December 4, 2008

Auto Bailout Conundrum

Yes, I'm a social science geek, and topics that I find fascinating bore most people. I was captivated by today's Senate hearings on the auto bailout. While the hearings might not be everyone's idea of must-see TV, the topic should be of interest to most Americans. These hearings aren't about complex Wall Street machinations that most of us don't understand. They are about everyday economics that impact you and me where we live: jobs, sales tax revenue for our towns and cities, our ability to own a car, the quality of vehicle we can buy for our hard-earned money, and even the environment. As I see it, the viability of the auto industry is far more important to the well-being of the average American than is the solvency of Wall Street fat cats.

Everyone seems to agree that a bailout is necessary and likely to happen, despite reports of inadequate support in Congress. But as I listened to today's testimony, one question kept nagging me: if consumers can't buy cars, how will this bailout save the industry? Dr. Mark Zandi, Chief Economist at Moody's, provided the answer in his testimony: It won't. Additional money will be needed, $75 to $125 billion, along with money from the Wall Street bailout package for auto financing companies. The Big Three have requested money from Secretary Paulson for the financing branches of their companies, but thus far their requests have not been approved. Furthermore, Zandi is far from convinced that American auto makers will execute their recovery plans faithfully and effectively. Nevertheless, Zandi is convinced the current $35 billion request is necessary for survival of the industry--necessary, but not sufficient.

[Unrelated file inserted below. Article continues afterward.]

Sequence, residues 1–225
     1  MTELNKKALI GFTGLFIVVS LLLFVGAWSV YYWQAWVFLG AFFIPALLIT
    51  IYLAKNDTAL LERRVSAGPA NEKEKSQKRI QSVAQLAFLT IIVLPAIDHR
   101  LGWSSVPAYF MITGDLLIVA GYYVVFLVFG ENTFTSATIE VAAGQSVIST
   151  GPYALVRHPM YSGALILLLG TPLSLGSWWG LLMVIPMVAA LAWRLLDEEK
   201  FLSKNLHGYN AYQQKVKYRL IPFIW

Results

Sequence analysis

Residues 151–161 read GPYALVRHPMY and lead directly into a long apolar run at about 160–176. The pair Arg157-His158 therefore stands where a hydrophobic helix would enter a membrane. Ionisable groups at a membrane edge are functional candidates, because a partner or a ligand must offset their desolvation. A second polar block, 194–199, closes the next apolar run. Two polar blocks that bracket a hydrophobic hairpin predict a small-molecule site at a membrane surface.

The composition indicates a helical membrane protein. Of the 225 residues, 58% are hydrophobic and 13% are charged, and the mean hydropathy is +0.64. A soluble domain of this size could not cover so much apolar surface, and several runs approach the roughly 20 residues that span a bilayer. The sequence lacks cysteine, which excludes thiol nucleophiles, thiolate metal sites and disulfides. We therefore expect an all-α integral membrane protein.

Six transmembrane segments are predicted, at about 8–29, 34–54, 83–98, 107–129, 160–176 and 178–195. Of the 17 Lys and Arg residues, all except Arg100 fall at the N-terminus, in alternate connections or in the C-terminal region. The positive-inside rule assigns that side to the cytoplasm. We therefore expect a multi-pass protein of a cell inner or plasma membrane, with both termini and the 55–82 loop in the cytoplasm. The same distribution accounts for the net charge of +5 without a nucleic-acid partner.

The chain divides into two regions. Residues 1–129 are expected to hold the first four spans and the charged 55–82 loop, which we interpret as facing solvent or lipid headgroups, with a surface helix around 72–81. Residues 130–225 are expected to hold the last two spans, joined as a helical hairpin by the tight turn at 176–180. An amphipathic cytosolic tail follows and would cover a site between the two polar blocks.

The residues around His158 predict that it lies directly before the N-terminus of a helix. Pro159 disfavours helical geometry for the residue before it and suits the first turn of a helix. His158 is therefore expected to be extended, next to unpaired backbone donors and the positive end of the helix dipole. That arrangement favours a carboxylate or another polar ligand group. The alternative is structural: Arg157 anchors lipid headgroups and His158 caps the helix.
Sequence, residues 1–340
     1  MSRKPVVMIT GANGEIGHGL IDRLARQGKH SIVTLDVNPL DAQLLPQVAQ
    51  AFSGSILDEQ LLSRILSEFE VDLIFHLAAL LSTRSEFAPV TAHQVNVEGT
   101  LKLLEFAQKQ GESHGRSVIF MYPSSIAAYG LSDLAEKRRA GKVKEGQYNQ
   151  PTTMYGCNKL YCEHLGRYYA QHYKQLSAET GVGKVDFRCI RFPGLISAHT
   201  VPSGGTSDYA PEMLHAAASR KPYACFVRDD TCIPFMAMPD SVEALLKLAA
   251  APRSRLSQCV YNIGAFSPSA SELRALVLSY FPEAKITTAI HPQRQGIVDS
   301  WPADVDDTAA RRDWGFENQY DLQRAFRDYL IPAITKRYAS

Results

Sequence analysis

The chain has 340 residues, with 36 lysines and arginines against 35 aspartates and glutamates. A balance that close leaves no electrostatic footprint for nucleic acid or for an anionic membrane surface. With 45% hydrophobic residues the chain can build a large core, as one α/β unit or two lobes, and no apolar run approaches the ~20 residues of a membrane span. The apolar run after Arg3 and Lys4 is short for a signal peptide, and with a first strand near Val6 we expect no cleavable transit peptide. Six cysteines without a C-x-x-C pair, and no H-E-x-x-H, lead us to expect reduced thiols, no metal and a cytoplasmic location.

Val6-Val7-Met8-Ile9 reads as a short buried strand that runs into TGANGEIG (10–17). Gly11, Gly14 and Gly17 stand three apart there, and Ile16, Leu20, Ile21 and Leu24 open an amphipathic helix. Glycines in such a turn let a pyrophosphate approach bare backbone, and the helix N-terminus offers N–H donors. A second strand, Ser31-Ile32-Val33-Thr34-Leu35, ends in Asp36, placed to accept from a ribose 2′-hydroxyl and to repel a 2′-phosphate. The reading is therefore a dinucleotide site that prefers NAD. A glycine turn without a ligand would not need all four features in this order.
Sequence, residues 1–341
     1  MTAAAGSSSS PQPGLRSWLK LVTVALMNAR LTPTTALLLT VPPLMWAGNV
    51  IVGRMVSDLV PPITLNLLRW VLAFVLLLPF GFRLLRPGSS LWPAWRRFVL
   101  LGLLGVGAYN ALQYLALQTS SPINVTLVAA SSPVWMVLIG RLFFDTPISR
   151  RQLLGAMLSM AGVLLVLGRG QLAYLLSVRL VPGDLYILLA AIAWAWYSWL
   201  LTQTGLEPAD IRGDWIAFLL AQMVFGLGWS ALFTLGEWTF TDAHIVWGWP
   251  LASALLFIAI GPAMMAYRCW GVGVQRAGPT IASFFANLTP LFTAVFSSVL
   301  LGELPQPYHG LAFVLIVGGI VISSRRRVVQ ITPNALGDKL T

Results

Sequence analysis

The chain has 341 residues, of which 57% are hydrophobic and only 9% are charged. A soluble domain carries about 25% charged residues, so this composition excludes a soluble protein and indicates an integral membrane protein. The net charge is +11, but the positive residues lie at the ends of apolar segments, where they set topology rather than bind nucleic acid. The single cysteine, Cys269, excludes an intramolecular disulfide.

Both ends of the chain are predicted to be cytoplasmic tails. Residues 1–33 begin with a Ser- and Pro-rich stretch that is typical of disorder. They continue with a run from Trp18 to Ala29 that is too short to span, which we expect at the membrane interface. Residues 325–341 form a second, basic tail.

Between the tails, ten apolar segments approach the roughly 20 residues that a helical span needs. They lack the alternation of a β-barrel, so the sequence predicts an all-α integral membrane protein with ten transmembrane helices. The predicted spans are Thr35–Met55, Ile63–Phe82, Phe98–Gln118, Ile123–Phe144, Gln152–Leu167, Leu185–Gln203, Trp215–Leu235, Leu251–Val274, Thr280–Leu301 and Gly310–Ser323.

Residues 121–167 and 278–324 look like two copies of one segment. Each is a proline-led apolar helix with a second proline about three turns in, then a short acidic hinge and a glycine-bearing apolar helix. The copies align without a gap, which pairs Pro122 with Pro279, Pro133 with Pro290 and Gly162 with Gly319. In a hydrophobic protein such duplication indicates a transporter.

It's hard to foresee where this will end. The companies are promising to change their ways, to become more responsive and more responsible. The best-case scenario would be a US auto industry that is radically reborn in its vision and its operations. If that were to happen, this crisis would look like a blessing in disguise. But to achieve that outcome, so many things would have to go just right. The alternative is that the bailout, if it happens, will merely postpone the inevitable catastrophic losses of jobs and commerce and add to the already unimaginable--and perhaps unsupportable--- US budget deficit.

CBS news story: What's The Real Price Of Bailout?

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